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dc.contributor.authorArthur, Scott
dc.contributor.otherAllen, Deonie
dc.contributor.otherHaynes, Heather
dc.coverage.spatialNewcastle Great Park, Newcastle, UK; J4M8 Distribution Centre, Bathgate, Scotland, UK.en_UK
dc.coverage.temporalJanuary 2014 and July 2015en_UK
dc.date.accessioned2017-05-31T16:32:35Z
dc.date.available2017-05-31T16:32:35Z
dc.date.issued2017-05-31
dc.identifier.urihttps://rdmc.nottingham.ac.uk/handle/internal/321
dc.description.abstractAdsorption is a key water pollution remediation measure used to achieve stormwater quality improvement in Sustainable urban Drainage Systems (SuDS). The level of contamination of detained sediment within SuDS assets is not well documented, with published investigations limited to specific contaminant occurrence in ponds, wetlands or infiltration devices (bioretention cells) and generally focused on solute or suspended sediment. Guidance on contamination threshold levels and potential deposited sediment contamination information is not included in current UK SuDS design or maintenance guidance, primarily due to a lack of evidence and understanding. There is a need to understand possible deposited sediment contamination levels in SuDS, specifically in relation to sediment removal maintenance activities and potential impact on receiving waterways of conveyed sediment. Thus, the objective of the research presented herein was to identify what major elements and trace metals were observable in (the investigated) SuDS assets detained sediment, the concentration of these major elements and trace metals and whether they met/surpassed ecotoxicity or contaminated land thresholds. The research presented here provides evidence of investigated SuDS sediment major element and trace metal levels to help inform guidance and maintenance needs, and presents a new methodology to identify the general cause (anthropocentric land use) and extent of detained SuDS fine urban sediment contamination through use of a contamination matrix.en_UK
dc.language.isoenen_UK
dc.publisherThe University of Nottingham / Heriot-Watt Universityen_UK
dc.subject.lcshUrban runoff -- Environmental aspectsen_UK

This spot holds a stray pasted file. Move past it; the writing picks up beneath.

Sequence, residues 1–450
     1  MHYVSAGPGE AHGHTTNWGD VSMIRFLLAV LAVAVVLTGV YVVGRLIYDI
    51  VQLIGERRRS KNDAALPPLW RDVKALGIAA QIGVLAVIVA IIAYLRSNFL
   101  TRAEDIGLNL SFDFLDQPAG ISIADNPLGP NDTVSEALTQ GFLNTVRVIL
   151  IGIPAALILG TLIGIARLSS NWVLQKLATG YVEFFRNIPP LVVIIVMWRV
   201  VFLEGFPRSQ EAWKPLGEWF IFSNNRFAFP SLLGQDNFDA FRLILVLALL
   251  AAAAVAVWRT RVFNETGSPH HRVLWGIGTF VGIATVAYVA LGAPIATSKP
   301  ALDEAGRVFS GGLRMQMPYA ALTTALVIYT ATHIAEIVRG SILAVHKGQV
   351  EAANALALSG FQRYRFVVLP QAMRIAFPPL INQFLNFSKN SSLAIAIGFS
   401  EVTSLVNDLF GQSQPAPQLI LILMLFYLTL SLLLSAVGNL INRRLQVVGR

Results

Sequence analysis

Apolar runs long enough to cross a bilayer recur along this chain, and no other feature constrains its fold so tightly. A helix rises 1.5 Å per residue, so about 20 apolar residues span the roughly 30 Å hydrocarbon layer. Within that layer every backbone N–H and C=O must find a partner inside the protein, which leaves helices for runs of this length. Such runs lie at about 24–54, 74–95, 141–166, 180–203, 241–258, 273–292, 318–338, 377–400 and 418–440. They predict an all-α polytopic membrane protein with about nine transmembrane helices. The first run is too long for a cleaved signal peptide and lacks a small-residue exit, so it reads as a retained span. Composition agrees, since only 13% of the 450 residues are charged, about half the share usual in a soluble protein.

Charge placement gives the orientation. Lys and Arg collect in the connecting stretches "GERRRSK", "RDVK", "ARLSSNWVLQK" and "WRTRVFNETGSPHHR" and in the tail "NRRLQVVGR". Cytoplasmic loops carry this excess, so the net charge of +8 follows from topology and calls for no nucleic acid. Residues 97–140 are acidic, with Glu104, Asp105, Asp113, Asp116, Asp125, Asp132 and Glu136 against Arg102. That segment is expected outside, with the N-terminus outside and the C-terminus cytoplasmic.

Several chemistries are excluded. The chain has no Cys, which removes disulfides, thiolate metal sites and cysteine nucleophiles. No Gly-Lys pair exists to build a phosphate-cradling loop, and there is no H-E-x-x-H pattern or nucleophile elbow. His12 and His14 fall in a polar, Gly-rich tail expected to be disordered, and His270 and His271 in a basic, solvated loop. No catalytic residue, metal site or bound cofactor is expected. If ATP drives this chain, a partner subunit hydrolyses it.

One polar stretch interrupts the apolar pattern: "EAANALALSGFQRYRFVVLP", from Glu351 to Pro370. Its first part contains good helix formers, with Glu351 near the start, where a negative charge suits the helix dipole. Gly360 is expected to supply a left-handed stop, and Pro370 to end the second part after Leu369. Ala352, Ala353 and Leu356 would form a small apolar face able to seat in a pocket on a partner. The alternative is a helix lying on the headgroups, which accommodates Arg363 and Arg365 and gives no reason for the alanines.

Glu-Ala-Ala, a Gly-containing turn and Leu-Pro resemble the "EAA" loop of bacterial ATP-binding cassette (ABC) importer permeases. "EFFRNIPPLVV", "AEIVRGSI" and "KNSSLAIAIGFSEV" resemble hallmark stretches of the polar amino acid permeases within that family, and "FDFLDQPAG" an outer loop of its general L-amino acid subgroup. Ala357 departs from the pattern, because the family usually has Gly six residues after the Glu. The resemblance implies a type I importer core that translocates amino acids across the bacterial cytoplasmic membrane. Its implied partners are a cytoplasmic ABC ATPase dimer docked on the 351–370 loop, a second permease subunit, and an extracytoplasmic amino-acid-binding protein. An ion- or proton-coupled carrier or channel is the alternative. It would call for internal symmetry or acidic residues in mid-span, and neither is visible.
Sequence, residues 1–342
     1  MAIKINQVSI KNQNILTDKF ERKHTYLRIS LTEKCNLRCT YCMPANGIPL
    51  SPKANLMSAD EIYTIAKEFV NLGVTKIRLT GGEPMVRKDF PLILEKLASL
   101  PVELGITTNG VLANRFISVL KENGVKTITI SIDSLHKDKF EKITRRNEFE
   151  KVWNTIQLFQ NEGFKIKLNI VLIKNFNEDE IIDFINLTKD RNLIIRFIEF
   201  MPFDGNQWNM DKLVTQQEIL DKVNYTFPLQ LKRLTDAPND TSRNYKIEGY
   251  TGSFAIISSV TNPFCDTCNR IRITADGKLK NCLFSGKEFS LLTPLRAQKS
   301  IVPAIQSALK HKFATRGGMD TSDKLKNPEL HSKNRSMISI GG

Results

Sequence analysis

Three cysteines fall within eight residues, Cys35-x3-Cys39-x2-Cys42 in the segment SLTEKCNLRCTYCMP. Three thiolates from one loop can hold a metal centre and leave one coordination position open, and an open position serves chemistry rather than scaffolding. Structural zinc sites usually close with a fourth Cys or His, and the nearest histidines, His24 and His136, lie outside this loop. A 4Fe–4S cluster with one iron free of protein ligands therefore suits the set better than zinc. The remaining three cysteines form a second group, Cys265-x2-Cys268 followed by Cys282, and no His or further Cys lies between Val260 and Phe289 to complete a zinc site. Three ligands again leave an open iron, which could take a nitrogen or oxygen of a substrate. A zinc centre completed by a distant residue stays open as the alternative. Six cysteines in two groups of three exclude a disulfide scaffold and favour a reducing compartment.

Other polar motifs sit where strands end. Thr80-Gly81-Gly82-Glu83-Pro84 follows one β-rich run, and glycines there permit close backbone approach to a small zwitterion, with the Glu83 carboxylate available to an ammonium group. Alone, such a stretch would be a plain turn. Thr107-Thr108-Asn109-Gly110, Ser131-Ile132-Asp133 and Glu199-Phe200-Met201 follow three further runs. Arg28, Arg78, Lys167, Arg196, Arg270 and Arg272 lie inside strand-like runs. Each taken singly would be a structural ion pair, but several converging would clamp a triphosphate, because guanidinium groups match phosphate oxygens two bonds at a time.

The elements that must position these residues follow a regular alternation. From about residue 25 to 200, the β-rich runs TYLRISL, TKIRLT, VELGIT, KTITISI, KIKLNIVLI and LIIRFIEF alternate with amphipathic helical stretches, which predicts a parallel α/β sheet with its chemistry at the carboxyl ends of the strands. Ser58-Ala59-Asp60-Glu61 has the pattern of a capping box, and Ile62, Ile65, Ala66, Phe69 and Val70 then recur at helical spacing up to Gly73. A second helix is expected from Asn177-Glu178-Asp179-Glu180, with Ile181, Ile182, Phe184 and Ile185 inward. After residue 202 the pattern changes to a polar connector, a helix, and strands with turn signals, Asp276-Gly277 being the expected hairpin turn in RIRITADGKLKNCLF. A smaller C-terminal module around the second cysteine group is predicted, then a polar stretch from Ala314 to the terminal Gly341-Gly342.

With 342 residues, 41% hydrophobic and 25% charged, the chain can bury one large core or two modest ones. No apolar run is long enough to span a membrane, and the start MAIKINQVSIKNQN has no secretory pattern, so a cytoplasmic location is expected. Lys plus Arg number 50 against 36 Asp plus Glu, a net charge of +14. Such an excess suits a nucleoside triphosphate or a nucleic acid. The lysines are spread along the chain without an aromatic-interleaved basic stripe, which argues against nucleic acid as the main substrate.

dc.subject.lcshContaminated sediments – Researchen_UK
dc.subject.lcshContaminated sediments – Managementen_UK
dc.subject.lcshSediment transport – Researchen_UK
dc.subject.lcshSustainable engineering – Researchen_UK
dc.subject.lcshSustainable urban developmenten_UK
dc.titleContamination of detained sediment in Sustainable Urban Drainage Systemsen_UK
dc.identifier.doihttp://doi.org/10.17639/nott.317
dc.subject.freeContamination factor; Geoaccumulation index; Sediment contamination; SuDS; Urban contamination; Sustainable Drainage Systemsen_UK
dc.subject.jacsEngineering::Civil engineering::Environmental engineeringen_UK
dc.subject.lcG Geography. Anthropology. Recreation::GE Environmental Sciencesen_UK
dc.date.collectionBetween January 2014 and July 2015en_UK
dc.coverage.coordinates45°26′51″N 122°17′18″W to 45°26′39″N 122°38′36″Wen_UK
uon.divisionUniversity of Nottingham, UK Campus::Faculty of Social Sciences::School of Geographyen_UK
uon.funder.controlledEngineering & Physical Sciences Research Councilen_UK
uon.datatypePhysical sample analytical results (pond sediment)en_UK
uon.grantEP/K013661/1en_UK
uon.grantEP/P003982/1en_UK
uon.parentprojectBlue-Green Cities Research Project; Urban Flood Resilience Research Projecten_UK
uon.collectionmethodDetailed methods are presented in the research paper. In summary, physical sediment sample collected from Sustainable Urban Drainage Systems were processed for urban contaminant, deposition and particle size distribution analysis.en_UK
uon.rightscontactHeriot-Watt Universityen_UK
uon.preservation.rarelyaccessedtrue
dc.relation.doi10.3390/w9050355en_UK


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